What exactly will constitute GDP growth going forward? In a word, intangibles: films, books, magazines and iTunes songs.

“We’re capitalising research and development and also this category referred to as entertainment, literary and artistic originals, which would be things like motion picture originals, long-lasting television programmes, books and sound recordings,” said Mr Moulton.

At present, R&D counts as a cost of doing business, so the final output of Apple iPads is included in GDP but


continue reading





Guest Post: How Hospitals Profit From Making Mistakes

Courtesy of ZeroHedge. View original post here.

Submitted by Tyler Durden.

Submitted by Michael Krieger of Liberty Blitzkrieg blog,

One of the many things holding the nation back at the moment is the complete lack of incentive to be a creative, productive and honest member of society versus the tremendous incentive to be a corrupt, thieving, lackey for the establishment.  In a free market system, with a strict set of rules governing the game that is applied to everyone equally, market signals and incentives exist for companies to create a great product and to meet customer needs with great service.  In contrast, within a crony capitalist system, the primary incentive is to get as close as possible to political and corporate power in order to financially benefit from their oligarchical ownership of the controlled economy.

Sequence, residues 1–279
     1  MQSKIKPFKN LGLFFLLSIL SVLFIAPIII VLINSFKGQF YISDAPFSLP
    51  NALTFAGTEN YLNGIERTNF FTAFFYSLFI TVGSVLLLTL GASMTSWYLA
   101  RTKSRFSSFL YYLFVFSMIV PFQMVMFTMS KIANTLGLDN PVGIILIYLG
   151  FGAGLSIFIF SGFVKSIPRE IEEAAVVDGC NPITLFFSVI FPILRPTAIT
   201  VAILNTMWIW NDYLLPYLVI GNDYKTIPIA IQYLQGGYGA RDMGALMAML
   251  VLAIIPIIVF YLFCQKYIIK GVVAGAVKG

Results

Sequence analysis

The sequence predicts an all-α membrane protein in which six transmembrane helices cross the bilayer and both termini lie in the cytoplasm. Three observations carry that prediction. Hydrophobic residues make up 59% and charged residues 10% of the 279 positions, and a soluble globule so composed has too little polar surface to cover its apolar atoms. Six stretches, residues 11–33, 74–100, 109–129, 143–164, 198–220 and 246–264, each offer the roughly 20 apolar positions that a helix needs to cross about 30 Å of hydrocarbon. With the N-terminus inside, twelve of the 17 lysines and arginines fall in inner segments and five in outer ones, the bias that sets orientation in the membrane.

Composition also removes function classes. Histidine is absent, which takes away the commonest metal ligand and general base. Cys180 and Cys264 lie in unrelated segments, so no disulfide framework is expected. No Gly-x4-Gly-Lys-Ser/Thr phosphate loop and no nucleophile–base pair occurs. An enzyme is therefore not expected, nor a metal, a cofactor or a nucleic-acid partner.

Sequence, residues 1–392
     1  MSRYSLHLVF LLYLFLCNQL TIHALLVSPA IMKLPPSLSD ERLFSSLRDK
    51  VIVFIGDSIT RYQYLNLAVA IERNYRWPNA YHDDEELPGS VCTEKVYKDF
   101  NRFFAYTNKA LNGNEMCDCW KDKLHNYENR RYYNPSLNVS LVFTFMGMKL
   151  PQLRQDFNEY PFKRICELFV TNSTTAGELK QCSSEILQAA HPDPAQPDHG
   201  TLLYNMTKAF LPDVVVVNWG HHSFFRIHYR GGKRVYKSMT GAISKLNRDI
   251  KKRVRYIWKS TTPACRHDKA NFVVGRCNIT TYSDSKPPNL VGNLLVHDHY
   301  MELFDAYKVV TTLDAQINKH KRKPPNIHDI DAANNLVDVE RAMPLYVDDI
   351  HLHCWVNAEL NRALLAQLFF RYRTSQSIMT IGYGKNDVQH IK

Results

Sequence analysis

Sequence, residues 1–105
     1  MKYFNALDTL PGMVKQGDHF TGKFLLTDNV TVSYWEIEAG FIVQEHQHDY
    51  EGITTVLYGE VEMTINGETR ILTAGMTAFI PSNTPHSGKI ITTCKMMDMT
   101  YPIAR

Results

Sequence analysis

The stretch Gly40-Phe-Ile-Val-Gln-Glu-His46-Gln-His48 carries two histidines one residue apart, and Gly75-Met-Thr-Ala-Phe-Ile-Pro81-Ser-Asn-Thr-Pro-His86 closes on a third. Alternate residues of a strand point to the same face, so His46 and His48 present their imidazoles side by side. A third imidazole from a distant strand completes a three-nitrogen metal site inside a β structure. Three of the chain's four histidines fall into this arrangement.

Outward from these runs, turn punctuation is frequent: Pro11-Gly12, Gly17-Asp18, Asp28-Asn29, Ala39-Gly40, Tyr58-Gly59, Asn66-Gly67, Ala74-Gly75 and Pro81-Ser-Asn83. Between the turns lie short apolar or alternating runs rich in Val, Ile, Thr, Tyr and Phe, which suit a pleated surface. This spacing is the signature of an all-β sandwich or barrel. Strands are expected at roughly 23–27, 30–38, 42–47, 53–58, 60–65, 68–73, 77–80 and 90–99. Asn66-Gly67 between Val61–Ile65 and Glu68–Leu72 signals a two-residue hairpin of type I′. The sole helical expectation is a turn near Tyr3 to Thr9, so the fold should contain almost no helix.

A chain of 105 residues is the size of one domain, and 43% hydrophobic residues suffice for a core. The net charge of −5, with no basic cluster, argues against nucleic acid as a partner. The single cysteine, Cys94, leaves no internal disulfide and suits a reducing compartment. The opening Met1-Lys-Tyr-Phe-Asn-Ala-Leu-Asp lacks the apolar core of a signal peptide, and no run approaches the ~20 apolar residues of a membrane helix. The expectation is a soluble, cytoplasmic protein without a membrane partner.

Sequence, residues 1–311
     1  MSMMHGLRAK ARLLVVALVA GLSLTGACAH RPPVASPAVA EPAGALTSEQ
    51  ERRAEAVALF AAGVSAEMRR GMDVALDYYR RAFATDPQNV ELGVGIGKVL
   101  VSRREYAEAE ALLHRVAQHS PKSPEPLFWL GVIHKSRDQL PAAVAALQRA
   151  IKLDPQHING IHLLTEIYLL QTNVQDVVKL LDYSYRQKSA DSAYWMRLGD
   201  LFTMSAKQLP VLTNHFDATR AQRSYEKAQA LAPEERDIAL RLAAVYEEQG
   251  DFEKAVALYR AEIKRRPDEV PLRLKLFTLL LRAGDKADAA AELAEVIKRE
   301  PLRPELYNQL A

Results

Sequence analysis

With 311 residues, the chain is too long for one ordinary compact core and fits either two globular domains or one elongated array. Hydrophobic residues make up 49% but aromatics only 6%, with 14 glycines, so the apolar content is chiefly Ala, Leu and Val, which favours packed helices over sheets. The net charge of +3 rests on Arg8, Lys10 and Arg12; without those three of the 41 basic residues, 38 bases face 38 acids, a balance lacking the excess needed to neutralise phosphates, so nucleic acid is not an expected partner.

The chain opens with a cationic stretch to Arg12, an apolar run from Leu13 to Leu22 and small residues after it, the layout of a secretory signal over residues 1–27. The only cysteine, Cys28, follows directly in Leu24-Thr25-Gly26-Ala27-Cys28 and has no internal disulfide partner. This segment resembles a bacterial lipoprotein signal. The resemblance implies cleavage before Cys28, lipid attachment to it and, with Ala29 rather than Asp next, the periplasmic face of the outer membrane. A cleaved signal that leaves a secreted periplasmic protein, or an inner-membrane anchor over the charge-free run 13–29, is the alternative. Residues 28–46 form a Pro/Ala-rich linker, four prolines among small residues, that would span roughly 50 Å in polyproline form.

It is only within a completely disconnected from reality, crony, fraudulent economy where you could have a situation in which hospitals actually earn much larger profit margins from making mistakes and harming their patients, than from providing excellent care.  We learn from the New York Times that: